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Sunday, December 23, 2012

Read recently ... Lu dernièrement

(Désolé, c'est tout en English).
Obamaspeech (seen here):
"Someone once described the joy and anxiety of parenthood as the equivalent of having your heart outside of your body all the time, walking around. With their very first cry, this most precious, vital part of ourselves – our child – is suddenly exposed to the world, to possible mishap or malice. And every parent knows there is nothing we will not do to shield our children from harm. And yet, we also know that with that child’s very first step, and each step after that, they are separating from us; that we won’t – that we can’t always be there for them. They’ll suffer sickness and setbacks and broken hearts and disappointments. And we learn that our most important job is to give them what they need to become self-reliant and capable and resilient, ready to face the world without fear.

And we know we can’t do this by ourselves. It comes as a shock at a certain point where you realize, no matter how much you love these kids, you can’t do it by yourself. That this job of keeping our children safe, and teaching them well, is something we can only do together, with the help of friends and neighbors, the help of a community, and the help of a nation. And in that way, we come to realize that we bear a responsibility for every child because we’re counting on everybody else to help look after ours; that we’re all parents; that they’re all our children.

This is our first task – caring for our children. It’s our first job. If we don’t get that right, we don’t get anything right. That’s how, as a society, we will be judged.".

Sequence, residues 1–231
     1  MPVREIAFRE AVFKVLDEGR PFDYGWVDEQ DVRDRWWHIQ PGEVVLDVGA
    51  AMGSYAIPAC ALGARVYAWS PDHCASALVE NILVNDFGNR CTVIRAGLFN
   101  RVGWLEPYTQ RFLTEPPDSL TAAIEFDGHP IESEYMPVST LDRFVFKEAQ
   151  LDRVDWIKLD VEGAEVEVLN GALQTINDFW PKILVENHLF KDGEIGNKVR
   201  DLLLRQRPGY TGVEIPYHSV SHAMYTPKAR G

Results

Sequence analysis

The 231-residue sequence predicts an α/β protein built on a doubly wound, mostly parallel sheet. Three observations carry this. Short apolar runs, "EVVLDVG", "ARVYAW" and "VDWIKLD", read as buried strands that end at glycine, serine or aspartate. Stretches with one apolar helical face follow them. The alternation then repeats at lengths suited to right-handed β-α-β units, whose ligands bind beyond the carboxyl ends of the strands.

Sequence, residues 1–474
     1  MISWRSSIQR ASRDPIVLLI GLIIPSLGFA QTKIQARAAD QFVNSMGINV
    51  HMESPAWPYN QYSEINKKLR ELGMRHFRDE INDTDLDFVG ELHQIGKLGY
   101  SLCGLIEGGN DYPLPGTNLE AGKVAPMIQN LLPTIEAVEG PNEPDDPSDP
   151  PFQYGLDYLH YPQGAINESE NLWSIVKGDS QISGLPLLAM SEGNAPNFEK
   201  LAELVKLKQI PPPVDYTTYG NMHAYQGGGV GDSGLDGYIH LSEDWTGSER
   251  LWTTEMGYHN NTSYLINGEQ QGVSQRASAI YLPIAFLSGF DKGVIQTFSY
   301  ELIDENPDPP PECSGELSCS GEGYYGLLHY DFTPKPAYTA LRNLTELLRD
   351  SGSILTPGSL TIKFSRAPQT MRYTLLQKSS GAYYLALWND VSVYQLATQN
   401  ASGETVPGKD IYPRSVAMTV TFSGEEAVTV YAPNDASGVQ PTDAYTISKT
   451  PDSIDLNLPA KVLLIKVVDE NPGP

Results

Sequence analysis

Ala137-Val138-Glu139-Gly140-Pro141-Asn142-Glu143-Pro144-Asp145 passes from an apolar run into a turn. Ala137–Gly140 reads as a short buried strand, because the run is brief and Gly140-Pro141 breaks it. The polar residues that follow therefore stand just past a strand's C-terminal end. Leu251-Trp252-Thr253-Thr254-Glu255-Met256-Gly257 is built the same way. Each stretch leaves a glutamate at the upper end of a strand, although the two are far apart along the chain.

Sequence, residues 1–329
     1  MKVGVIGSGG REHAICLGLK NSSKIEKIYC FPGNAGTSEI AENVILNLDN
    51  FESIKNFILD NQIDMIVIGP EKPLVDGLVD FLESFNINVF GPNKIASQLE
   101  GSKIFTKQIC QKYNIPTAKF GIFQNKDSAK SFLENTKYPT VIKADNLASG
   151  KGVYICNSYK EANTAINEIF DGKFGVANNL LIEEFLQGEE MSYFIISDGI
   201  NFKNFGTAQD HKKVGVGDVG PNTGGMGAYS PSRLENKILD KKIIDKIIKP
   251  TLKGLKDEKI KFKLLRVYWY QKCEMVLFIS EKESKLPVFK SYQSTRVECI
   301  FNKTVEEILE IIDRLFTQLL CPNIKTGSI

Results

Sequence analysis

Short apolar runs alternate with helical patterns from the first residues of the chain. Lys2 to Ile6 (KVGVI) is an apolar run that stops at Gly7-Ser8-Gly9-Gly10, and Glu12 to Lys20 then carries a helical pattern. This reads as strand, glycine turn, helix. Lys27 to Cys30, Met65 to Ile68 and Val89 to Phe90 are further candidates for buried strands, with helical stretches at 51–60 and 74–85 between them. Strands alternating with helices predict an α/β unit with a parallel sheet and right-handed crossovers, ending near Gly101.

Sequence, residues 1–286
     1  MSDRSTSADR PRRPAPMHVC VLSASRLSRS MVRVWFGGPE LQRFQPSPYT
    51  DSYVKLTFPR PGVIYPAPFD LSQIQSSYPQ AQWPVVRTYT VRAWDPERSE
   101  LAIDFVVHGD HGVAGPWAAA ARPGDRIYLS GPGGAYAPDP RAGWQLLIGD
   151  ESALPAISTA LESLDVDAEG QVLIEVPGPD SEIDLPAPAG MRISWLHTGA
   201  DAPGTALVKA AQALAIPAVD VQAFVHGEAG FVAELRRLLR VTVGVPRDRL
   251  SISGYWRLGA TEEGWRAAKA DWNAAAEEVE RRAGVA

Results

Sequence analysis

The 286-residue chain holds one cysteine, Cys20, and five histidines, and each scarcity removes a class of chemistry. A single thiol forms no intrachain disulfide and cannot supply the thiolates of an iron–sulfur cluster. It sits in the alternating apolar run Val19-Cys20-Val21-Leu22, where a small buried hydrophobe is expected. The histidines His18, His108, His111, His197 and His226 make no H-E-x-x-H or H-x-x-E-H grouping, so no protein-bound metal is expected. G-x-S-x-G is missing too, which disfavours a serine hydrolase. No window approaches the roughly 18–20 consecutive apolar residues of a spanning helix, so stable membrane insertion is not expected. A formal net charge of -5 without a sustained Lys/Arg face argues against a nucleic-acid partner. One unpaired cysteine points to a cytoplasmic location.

This reminds me of a quote that I read somewhere, but can't remember where any more: "A man should love his children because they are children, not because they are his."

An Advent Sermon:
"We live in a culture of excess and live lives of culturally and religiously justified excess. Christians are deeply idolatrous of the success worship that runs our culture. We bizarrely believe that God guarantees and justifies our devotion to have the “best” of everything, American style. Do such deeply idolatrous values give evidence that the light has shone in our hearts to reveal the glory of God in the face of Jesus?".
Richard Rohr:
I have never been busier in my life than I have been recently. What right do I have to talk about contemplation when I have been living on overdrive? It seems that we tend to think that more is better. I am told that busyness is actually a status symbol for us! It is strange that when people have so much, they are so anxious about not having enough -- to do, to see, to own, to fix, to control, to change.
Several years ago when I was in Nicaragua, I asked a man if he had time, and he said, "I have the rest of my life," and smiled. Who of us would possibly say that? What we don't have is the rest of our lives because we do not have the now of our lives.

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